"Decades of ignoring actuarial assumptions led to lower taxpayer & employee contributions being made into the system." - Gina Raimondo (Truth in Numbers)
Read GoLocalProv's analysis of the report here.
Read the Truth in Numbers report here.
Governor Lincoln Chafee and General Treasurer Gina Raimondo present their pension reform legislation proposal before a joint session of the General Assembly.
“Our fundamental goal throughout this process has been to provide retirement security through reforms that are fair to the three main interested parties: retirees, current employees and the taxpayer…I join the General Treasurer in urging the General Assembly to take decisive action and adopt these reforms.”- Gov. Lincoln Chafee
Head of Rhode Island firefighters’ union accuses Raimondo of “cooking the books” to create a pension problem where one did not exist. Paul Valletta Jr. states that Raimondo raised Rhode Islanders’ assumed mortality rate to increase liability to the state, using data from 1994 instead of updated information from 2008, and lowered the anticipated rate of return on state investments.
“You’re going after the retirees! In this economic time, how could you possibly take a pension away?” Paul Valletta Jr (Head of RI Firefighters' Union)
Read more from the firefighters' battle with Raimondo here.
Check out the New York Times' take on RI's pension crisis here.
November 17, 2011
The Rhode Island Retirement Security Act (RIRSA) is enacted by the General Assembly with bipartisan support in both chambers. RIRSA’s passing is slated to reduce the unfunded liability of RI’s pension system and increase its funding status by $3 billion and 60% respectively, level contributions to the pension system by taxpayers, save municipalities $100 million through lessened contributions to teacher and MERS pension systems, and lower the cost of borrowing.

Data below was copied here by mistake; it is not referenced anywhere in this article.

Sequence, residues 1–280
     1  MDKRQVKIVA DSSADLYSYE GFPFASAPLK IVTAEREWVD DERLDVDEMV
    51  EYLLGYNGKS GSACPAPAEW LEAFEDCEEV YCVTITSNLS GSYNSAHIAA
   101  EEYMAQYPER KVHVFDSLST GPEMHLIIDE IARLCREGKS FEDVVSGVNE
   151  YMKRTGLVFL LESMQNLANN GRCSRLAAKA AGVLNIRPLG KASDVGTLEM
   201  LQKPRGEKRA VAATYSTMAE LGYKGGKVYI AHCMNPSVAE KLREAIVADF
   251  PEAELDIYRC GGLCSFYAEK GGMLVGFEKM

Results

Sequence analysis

Read more from GoLocalProv here.
November 18, 2011
Governor Lincoln Chafee signs RIRSA into law. According to a December 2011 Brown University poll, 60% of Rhode Island residents support the reform. Following its enactment, Raimondo holds regional sessions to educate public employees on the effects of the legislation on their retirement benefits.
Read about how Rhode Islanders react to RIRSA here.
Raimondo hosts local workshops to explain the pension reforms across Rhode Island. She also receives national attention for her contributions to the state’s pension reforms. The reforms are given praise and many believe Rhode Island will serve as a template for other States’ future pension reforms.
Read about the pension workshop here.
Read Raimondo's feature in Institutional Investor here.
March - April 2012
Raimondo opposes Governor Chafee’s proposal to cut pension-funded deposits. She continued to provide workshops on the pension reforms.
December 5, 2012
Raimondo publicly opposes Governor Chafee’s meetings with union leaders in an effort to avoid judicial rulings on the pension reform package. In response, Chafee issues a statement supporting the negotiations.
Read more about Raimondo's opposition here.
Read about Chafee's statement http://www.golocalprov.com/news/new-chafee-issues-statement-supporting-pension-negotiations/">here.
Led by the Rhode Island State Association of Fire Fighters, unions protest the 2011 pension reform outside of the Omni Providence where Governor Lincoln Chafee and General Treasurer Gina Raimondo conduct a national conference of bond investors.
Read about Raimondo's discussion of distressed municipalities here.
The pension plan comes under increased scrutiny as a result of the involvement of hedge funds and private equity firms. Reports show that $200 million of the state pension fund was lost in 2012.
"In short, impressive educational credentials and limited knowledge of investment industry realities made Raimondo ideally suited to champion private equity’s public pension money grab." - Ted Seidle (Forbes)
Read GoLocalProv's coverage of the State Pension Fund's losses here.
Read Ted Seidle's criticism of Raimondo in Forbes.